• TSKB’s TRY23.9bn loan book is of good quality, as demonstrated by the NPL ratio of 0.2% (sector average: 2.9%). We note that asset quality has always been strong – the worst NPL ratio at TSKB in recent times was the 0.6% it registered in 2009. Group II loans stood at 2.1% of total loans at end-FY17.
  • TSKB has a policy of making 100% impairment provisions against non-performing loans. Other policies aimed at securing the quality of the loan book include: large credit exposures cannot exceed 8x TSKB’s capital; the maximum risk-based credit limit for a single company is <25% of TSKB’s capital; sector-specific credit risk cannot exceed 40% of the total credit portfolio for energy production and 25% for other industries; APEX lending to non-bank FIs must not exceed 35% of the bank’s capital.
  • The loan book has a medium-term focus and diversification by sector is decent (see chart below), although concentration risk is an issue: TSKB’s top 20 clients account for multiples of Tier 1 capital. TSKB focuses on infrastructure, renewable energy, energy and resource efficiency, sustainable tourism, PPPs mostly in healthcare and education sectors and SME loans. At end-1Q18, 74% of loans were investment loans, while working capital loans accounted for 19% and APEX loans comprised 7% of the book.
  • TSKB’s lending is heavily weighted towards foreign currencies. In 1Q18, just 9% of the book was denominated in TRY; 47% was in USD, with the balance of 44% in EUR.

Liquidity and funding

  • TSKB is not permitted to collect customer deposits, and its principal sources of funding are loans from development organisations guaranteed by the Turkish Treasury. At end-1Q18, 51% funding was guaranteed by the Turkish State. The guarantees mainly cover loans from supranationals, the largest of which are IBRD (36% of Development Finance Institution funding), EIB (28%) and KfW (14%). 82% of DFI funding is guaranteed by the Turkish Treasury, and DFI funding makes up 68% of all long-term funding. Long-term DFI funding has an average maturity of 11 years.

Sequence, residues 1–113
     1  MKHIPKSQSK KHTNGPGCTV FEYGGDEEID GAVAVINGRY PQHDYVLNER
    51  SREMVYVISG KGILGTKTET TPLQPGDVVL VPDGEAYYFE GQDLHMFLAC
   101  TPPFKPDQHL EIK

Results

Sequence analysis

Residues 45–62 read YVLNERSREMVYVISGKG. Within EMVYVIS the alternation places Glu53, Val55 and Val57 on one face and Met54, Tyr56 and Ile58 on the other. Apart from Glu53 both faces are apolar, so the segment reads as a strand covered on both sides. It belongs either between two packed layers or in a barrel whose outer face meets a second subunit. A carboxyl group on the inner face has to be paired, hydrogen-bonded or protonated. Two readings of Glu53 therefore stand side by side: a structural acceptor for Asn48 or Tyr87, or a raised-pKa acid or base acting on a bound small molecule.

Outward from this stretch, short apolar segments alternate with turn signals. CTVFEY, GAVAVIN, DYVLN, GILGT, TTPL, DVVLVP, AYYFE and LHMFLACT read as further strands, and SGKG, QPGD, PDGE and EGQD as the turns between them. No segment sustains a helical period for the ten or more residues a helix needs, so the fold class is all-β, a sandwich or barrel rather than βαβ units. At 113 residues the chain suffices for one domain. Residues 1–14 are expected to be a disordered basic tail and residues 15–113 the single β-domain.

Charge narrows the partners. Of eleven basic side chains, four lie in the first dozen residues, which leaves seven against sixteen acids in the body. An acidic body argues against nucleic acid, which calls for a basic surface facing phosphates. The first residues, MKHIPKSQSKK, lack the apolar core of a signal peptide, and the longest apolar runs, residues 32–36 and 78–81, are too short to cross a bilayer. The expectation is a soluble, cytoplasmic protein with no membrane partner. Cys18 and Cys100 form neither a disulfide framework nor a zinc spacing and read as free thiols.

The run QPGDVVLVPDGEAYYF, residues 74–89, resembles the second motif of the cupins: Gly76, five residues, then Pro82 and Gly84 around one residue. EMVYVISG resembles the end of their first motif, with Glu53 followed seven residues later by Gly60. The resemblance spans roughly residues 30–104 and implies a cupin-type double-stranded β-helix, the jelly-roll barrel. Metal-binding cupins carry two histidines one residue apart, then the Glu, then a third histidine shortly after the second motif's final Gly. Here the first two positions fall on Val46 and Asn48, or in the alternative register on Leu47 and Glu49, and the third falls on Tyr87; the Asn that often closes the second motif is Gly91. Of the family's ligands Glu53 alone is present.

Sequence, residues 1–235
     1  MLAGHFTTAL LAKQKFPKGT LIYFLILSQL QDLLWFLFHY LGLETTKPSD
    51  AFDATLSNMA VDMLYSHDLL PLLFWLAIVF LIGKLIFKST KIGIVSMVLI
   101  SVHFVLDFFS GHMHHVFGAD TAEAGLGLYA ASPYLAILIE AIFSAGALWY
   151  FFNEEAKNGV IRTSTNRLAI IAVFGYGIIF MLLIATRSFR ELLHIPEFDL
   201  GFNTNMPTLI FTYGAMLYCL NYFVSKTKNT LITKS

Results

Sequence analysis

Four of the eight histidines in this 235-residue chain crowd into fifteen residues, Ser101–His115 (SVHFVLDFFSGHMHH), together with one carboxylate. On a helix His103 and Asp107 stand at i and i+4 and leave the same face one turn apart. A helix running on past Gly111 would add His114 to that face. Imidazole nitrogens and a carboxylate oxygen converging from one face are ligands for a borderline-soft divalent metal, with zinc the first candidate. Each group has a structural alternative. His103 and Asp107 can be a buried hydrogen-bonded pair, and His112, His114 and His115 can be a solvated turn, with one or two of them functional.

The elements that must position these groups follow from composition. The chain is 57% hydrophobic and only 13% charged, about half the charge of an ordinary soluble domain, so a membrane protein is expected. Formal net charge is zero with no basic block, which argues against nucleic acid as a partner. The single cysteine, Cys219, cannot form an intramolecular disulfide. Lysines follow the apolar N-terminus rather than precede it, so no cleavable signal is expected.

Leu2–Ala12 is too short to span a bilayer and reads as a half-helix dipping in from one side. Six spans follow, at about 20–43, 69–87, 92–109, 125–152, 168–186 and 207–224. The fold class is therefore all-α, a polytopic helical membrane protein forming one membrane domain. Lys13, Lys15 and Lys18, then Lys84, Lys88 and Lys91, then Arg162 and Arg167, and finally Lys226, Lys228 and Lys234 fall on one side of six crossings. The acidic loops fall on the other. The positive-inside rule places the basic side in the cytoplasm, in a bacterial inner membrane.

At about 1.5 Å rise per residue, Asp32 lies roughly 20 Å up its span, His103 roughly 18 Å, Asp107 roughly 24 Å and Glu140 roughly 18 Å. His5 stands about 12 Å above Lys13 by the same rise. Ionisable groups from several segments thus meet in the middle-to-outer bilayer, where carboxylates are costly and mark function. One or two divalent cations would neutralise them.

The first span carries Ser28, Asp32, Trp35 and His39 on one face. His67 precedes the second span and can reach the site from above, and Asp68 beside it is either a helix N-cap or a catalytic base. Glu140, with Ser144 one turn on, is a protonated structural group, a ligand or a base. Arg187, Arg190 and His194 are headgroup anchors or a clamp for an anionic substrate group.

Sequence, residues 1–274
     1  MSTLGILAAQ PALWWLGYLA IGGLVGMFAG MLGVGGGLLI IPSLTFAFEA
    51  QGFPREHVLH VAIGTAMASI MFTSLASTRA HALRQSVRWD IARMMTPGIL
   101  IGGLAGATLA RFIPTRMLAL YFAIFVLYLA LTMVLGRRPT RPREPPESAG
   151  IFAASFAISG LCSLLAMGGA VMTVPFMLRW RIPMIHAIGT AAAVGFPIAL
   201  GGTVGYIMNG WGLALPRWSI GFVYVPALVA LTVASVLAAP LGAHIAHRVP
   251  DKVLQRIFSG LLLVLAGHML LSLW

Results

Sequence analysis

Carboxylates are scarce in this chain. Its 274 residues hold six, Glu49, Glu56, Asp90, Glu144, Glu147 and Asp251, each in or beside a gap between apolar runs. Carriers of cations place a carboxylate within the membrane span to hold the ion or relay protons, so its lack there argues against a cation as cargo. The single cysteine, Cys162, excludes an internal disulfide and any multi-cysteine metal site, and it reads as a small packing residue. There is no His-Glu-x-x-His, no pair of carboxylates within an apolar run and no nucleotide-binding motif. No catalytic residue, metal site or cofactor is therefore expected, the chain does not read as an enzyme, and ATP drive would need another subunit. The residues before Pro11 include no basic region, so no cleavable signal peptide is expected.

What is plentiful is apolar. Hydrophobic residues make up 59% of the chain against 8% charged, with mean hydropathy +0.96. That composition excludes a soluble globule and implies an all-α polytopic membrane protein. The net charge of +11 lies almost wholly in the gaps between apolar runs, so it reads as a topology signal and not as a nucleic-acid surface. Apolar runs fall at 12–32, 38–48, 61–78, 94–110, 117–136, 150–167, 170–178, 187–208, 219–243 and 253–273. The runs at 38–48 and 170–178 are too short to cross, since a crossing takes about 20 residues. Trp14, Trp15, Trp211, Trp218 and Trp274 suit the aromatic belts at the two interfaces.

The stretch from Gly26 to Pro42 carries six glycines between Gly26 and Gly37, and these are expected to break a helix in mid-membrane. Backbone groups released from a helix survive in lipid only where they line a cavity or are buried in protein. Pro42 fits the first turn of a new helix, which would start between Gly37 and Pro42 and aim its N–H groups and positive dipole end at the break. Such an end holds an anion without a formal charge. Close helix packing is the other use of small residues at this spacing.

Amount of funding guaranteed by the government

  • Beyond the 51% of government-guaranteed funding, a further 11% was made up of unguaranteed long-term funding, and 19% was accounted for by securities in issuance, with subordinated debt comprising another 4%. Only 12% of funding was short-term.
  • TSKB runs a securities portfolio that amounted to TRY3.8bn (or 15% of total assets) at end-1Q18, the vast majority of which consisted of Turkish government debt securities. 37% of the bonds were fixed, 40% CPI-linked and the rest floating rate instruments. The fixed and floating bonds had an average duration of 2.7 years, while the CPI bonds’ duration was 4.3 years.
  • The bank follows a match-funding policy to mitigate interest rate and currency risk: 79.1% of total assets are FX-denominated, while that held true for 82.3% of liabilities at end-FY17.

Regulatory capital and liquidity ratios

  • TSKB has a solid capital position, posting a capital adequacy ratio of 16.1% and a Tier 1 ratio of 11.6% in 1Q18. The Tier 1 ratio declined by 90bp QoQ following a 12% increase in RWAs over the period due to loan growth and TRY depreciation.
  • Liquidity Coverage Ratio (LCR) requirements came into effect for Turkish development banks in 2016. TSKB’s substantial liquidity buffer and considerable share of long-term funding support compliance with the new standards. At end-1Q18, the bank’s LCR stood at a very strong 234%, up from 168% at end-FY17 and 176% at end-FY16.